My employer (well, former employer) has had a number of layoffs over the years. People just mysteriously disappeared. People that I worked with, laughed with, and got to know.
It always bothered me that they just vanished without me even being able to say goodbye, I’ll miss you, and I appreciated the help you gave me.
Now it’s the other way around. When I left last Wednesday, there was no opportunity to walk around and say goodbye, to thank people for making my job easier, and express appreciation that they were there for me these last seven years.
So instead of ramping up a job search, I spent my time last weekend saying goodbye. I wrote e-mails to co-workers. I wrote e-mails to several of those left behind, reminding them of things they asked me for and would likely need during year end. I wrote my consultants to let them know I was gone and hoped to work with them again some other time. I didn’t get around to everyone, but I got enough done that the urge for closure is mostly satisfied.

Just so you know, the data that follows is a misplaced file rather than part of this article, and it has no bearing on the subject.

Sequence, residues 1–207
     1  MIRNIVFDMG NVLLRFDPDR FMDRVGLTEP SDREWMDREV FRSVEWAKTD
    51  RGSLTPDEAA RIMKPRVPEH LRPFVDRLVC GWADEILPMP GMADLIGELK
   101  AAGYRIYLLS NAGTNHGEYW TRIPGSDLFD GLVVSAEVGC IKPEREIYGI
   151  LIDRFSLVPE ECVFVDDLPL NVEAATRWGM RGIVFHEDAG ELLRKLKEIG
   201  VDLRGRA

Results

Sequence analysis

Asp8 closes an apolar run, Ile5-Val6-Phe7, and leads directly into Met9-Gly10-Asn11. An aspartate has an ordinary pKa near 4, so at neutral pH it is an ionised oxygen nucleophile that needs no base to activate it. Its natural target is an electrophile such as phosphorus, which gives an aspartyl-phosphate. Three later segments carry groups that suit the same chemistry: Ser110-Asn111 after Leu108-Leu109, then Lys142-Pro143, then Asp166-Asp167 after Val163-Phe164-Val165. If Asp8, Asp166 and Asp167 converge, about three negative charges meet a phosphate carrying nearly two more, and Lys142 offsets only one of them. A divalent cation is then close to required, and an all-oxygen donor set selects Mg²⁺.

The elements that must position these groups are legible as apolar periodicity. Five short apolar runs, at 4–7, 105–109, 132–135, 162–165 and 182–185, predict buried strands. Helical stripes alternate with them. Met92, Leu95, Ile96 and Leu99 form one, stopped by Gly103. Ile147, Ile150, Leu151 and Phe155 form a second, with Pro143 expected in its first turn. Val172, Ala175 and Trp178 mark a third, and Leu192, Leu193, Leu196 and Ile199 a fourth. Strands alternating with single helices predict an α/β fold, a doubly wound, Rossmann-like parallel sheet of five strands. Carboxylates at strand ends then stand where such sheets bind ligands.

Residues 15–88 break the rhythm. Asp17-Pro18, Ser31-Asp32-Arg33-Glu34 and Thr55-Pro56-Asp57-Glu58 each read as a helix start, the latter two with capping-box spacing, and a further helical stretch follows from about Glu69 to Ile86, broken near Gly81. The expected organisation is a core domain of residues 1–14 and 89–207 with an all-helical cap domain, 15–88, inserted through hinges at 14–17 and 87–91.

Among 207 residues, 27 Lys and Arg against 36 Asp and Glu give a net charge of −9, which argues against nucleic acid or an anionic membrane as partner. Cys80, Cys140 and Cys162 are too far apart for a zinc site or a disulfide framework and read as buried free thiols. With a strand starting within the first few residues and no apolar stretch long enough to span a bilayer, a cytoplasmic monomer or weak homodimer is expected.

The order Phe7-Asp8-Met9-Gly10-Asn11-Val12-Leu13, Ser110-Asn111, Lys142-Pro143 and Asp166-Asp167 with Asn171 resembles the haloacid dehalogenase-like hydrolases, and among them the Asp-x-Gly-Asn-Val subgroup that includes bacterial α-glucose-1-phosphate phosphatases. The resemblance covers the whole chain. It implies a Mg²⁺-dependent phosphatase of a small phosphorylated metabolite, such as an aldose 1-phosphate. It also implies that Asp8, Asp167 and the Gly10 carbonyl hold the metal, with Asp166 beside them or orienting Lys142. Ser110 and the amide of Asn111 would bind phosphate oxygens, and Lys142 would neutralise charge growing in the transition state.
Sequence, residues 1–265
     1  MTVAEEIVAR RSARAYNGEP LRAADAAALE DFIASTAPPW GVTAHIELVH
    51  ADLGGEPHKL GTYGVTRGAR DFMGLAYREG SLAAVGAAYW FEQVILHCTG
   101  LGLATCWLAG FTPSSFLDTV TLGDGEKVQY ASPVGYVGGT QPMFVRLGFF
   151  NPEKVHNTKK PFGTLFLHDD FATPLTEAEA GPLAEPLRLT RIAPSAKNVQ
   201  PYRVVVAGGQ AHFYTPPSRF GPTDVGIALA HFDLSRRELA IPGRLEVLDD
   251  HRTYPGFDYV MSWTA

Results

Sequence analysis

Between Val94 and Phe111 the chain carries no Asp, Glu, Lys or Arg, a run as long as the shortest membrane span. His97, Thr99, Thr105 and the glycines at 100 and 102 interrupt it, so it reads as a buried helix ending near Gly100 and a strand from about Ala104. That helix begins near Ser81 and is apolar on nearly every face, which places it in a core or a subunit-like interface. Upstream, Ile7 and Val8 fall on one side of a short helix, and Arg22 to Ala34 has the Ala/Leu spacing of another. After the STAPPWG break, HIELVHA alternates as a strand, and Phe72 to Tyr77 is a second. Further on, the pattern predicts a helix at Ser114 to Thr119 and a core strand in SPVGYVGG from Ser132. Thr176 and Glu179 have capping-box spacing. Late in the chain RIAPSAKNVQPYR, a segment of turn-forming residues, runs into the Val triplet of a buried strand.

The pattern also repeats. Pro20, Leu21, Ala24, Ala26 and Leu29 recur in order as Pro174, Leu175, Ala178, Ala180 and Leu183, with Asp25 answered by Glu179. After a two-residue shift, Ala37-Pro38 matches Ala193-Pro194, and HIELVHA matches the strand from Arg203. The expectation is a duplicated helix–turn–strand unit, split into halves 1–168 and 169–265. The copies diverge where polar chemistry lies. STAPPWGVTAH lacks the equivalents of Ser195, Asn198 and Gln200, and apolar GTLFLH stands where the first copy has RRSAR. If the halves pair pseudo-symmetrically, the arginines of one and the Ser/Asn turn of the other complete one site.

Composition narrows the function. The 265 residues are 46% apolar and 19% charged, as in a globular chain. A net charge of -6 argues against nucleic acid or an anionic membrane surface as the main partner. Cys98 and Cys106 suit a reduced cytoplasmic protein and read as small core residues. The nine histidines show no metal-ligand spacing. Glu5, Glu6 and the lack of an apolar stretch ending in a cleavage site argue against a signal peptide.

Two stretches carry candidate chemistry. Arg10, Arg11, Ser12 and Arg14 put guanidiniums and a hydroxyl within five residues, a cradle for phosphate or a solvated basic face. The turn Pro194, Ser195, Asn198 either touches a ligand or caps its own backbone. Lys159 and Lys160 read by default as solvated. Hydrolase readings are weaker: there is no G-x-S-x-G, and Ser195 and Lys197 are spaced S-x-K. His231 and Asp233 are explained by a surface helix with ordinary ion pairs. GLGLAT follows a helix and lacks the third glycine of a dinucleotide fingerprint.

I know that for my former co-workers, life goes on as they know it. It will be harder because of all of us who are gone, but in the end, things will be the same for them. They will come in to the same office, see the same people, eat the same lunches.
But I had to say goodbye. I couldn’t just leave. People were important to me and I wanted them to know that. To know that I will miss them.
Because until I told them that, I couldn’t move on. And now I can.
[Changing topics] The day after I was laid off, I went downtown with my camera to capture Brown’s Island during the morning light. The shoot didn’t quite go as I expected, but it did serve to distract me from what happened the day before. The picture above is one of the ones that I took. The trees were too far gone to be pretty, but the train standing still was something I’d not shot before. It really appealed to me to stylize it with various Topaz filters, but below is how the original looked in case you were wondering!